Twenty Years – A Short Story

‘Unfortunately,there is no mistake,’ she said, closing the file. ‘You’ve failed, yet again.’…. The words reverberated around my cerebrum, turning my mind into a demonic pinball machine. ‘You’ve failed again’. If ever there was a story written of my life, if ever I should become prominent enough to warrant a biography, a depiction of my gradual stumble through the race that is life, ‘You’ve failed again’ would be as apt a title as any. At least, if one is talking about functioning in the world that men long before me had built without my consent or my say so.

For twenty years these walls have been my home. For twenty years I have paced this box like room, a caged animal forever denied his freedom. For what crime? For being born beautiful, not scarred or tarnished by the traditional frailties of man. You all run in circles, like lost chickens removed of their heads, flapping in the wind, going nowhere. I was born beautiful, I could see the world in a way you people never could. Am I the crazy one? My friend, my dear reader, in a world that was the bastard offspring of random chaos swirling in an infinite vortex, why, the only crazy recourse would be to remain sane.

My mother knew, early on, that I was a special sort. At school, as a young child, I never had much if any time for those around me. I didn’t dance with the great masquerade that is the traditional relationship paradigm of young children. Nobody came to my house for dinner, and never once did I show interest in attending or hosting birthday gatherings. Solitude was my friend, and I liked it that way. What I didn’t like, was how my father would treat me, late at night, when the doors were locked.

He was a respected man, a local politician, I believe, and to the outside world, we were the model family.

He was a successful man, my father, in every sense of the word. He was blessed with twinkling blue eyes, eyes as deep and as seemingly eternally beautiful as a river. They appeared as if they swam, never standing still. He could do anything, say anything, but if he caught you with those eyes, why, forgiving him was the only logical recourse. And late at night, when my mother sleep idiosyncratic with the rest of the world, that was when those eyes would pierce through the darkness of my bedroom. In these times I can tell you with some certainty of conviction that they would shine brighter than ever, and he would creep into my room, and enact strange doings.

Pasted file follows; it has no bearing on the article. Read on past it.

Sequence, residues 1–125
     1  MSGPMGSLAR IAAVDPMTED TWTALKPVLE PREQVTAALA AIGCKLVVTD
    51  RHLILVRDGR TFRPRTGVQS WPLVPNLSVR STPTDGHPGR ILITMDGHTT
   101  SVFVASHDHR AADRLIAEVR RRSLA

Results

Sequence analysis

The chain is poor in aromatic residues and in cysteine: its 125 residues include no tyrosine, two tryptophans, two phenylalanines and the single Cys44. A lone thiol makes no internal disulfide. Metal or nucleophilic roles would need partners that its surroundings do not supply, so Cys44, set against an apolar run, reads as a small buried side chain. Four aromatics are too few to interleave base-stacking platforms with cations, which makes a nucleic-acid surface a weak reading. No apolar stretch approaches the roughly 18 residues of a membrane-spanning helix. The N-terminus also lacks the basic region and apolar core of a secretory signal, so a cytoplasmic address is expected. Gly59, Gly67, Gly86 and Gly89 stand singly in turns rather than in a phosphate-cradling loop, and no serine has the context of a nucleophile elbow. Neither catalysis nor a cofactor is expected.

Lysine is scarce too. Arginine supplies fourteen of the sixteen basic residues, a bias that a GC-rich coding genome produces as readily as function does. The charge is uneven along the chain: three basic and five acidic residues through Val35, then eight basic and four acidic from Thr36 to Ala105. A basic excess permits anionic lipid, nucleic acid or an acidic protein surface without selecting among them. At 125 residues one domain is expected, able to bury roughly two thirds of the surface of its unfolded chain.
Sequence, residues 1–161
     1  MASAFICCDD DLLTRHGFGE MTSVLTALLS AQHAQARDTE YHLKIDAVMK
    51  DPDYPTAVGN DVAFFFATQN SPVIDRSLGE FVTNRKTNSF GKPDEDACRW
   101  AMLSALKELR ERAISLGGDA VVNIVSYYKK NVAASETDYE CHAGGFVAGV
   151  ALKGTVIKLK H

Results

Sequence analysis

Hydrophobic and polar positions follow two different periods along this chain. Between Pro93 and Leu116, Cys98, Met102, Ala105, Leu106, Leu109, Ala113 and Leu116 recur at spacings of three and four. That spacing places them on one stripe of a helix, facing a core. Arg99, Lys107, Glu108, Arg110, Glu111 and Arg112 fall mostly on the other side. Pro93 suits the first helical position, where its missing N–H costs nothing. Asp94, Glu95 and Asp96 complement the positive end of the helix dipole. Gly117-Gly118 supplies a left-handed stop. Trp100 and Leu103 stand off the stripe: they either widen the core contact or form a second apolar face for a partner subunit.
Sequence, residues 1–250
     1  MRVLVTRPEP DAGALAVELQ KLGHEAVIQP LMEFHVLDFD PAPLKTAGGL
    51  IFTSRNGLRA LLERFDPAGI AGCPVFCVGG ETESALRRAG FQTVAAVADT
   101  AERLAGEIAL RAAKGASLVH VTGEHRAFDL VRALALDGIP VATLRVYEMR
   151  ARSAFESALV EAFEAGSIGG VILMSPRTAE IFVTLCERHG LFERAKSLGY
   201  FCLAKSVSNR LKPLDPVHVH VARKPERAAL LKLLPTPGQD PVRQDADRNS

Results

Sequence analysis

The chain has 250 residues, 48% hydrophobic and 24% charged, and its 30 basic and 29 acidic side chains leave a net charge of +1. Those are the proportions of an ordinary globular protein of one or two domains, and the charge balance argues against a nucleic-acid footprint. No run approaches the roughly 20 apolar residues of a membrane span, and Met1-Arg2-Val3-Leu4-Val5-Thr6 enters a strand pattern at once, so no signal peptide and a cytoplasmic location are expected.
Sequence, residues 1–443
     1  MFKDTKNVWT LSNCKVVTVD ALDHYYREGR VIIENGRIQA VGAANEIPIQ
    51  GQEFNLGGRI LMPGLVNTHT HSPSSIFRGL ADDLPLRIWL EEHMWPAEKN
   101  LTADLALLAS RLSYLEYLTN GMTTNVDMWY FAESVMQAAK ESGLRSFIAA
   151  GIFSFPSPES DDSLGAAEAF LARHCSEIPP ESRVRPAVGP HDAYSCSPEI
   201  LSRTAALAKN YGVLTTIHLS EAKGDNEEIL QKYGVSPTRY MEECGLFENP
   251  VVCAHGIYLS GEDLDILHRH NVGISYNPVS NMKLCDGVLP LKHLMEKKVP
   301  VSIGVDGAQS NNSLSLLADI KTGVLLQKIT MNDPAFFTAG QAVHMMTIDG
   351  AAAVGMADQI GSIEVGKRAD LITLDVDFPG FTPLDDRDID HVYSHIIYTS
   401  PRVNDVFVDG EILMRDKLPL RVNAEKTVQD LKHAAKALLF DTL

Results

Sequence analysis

I know what must be running through your mind at this moment, and let me take a moment to clarify. My father never did anything untoward to me of a sexual nature. These late night visits were always accompanied by a book, a book of a mystical and fantastical nature, in a text that I could never understand or comprehend. My father could, and thus every night, at the witching hour precisely, he would recite passages to me, and strange and fantastical things would happen.

Great figures would appear; figures of such a disturbing and grotesque stature I can barely comprehend, let alone describe to you with any accuracy. They defied what defined ‘Anthropomorphic’ as they were eerily human in shape and nature, yet as far removed from such as any animal mortal eyes had ever laid upon. Words could never do justice to how I felt, watching my father’s fascination as he attempted to engage with these beings. He would always tell me;

‘Jacob, my son, never speak during these meeting, for these beings have no time for our mortal selves, and only I, after years of research and study, am possible of any form of equality with them.’